Roy McGrath, Maryland Gov. Larry Hogan’s former chief of staff, said his old boss supported the $233,647.23 payout he received when he stepped down from a quasi-public agency to become the governor’s top aide.
McGrath, who has been indicted on federal and state charges, including embezzlement tied to the financial arrangement made with the Maryland Environmental Services, told The Washington Post Thursday that Hogan sent him a message supporting the severance payout.
According to McGrath, Hogan wrote, “I know you did nothing wrong. I think it is unfair. I will stand with you.”
Hogan spokesman Michael Ricci said the governor did send the message, but it was before Hogan knew how the severance package for McGrath had been crafted, The Washington Post reported, adding that McGrath also provided what he said was a copy of a “confidential agreement” between himself and the Hogan, approving the compensation package.
“These are the falsehoods and delusions of someone facing dozens of federal and state charges for fraud violations of the public trust,” Ricci said in an email to WTOP regarding that correspondence.
“All documents related to personnel onboarding are processed by the Governor’s Office of Financial Administration,” Ricci wrote in an email to The Associated Press.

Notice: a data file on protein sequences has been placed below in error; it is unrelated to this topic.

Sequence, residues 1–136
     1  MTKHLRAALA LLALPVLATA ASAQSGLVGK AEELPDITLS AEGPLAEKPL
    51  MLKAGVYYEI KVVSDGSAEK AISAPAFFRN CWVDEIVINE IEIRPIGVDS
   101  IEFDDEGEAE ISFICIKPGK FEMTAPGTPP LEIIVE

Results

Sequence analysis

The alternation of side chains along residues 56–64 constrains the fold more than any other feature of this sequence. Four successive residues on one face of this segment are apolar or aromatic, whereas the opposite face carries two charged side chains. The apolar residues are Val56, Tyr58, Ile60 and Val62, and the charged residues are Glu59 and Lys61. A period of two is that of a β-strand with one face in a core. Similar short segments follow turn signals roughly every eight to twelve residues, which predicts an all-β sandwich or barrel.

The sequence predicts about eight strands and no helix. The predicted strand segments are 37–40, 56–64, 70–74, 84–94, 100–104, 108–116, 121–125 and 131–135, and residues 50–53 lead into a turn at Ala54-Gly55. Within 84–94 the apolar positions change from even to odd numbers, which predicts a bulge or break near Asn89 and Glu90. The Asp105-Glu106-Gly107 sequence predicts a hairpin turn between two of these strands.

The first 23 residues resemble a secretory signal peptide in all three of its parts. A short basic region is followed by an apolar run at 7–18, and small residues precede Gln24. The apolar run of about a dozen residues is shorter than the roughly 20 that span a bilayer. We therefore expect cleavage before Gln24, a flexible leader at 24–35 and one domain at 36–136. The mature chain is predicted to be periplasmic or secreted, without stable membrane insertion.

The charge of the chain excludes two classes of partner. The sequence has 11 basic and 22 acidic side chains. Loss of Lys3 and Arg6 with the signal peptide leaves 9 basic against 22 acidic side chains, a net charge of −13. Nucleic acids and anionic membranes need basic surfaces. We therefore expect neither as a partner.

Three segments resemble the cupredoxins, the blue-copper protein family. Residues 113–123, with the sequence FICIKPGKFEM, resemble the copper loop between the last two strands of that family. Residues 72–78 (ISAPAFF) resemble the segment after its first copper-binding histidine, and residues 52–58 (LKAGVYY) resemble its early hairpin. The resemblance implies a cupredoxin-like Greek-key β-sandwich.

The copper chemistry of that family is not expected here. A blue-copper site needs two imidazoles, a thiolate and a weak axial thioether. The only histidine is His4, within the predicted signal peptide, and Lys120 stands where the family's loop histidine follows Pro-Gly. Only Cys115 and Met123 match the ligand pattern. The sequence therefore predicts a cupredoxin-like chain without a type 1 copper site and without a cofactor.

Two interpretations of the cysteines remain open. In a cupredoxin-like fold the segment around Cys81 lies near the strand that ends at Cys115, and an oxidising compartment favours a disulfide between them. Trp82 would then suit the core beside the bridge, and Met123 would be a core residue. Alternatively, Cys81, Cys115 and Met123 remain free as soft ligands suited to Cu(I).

McGrath resigned from the chief of staff job less than three months after his severance payment was first reported.
Doug Mayer, a former Hogan staffer who advises the governor, said he spoke to McGrath in a phone call days before his resignation and repeatedly asked him whether Hogan had approved the severance.
“I asked him repeatedly if the governor had approved or knew about any of his severances or payments, and Roy repeatedly refused to say that was the case,” Mayer told The Associated Press Thursday.
Ever since questions arose about his severance package, McGrath insisted the deal was not unusual. Prosecutors allege that McGrath led the Maryland agency’s board of directors to approve the payout by saying it had Hogan’s approval.
Hogan has previously denied knowing about the payment and has cooperated with the investigation into the case.
In August 2020, Hogan called for an audit of the Maryland Environmental Service, saying, “To be clear, I did not approve, recommend or have any involvement whatsoever in any of these decisions made by the board of directors of MES with respect to the former director Roy McGrath or any other individual.”
McGrath faces state charges, including wiretapping and felony theft. His next court appearance is set for Dec. 17.
The Associated Press contributed to this report.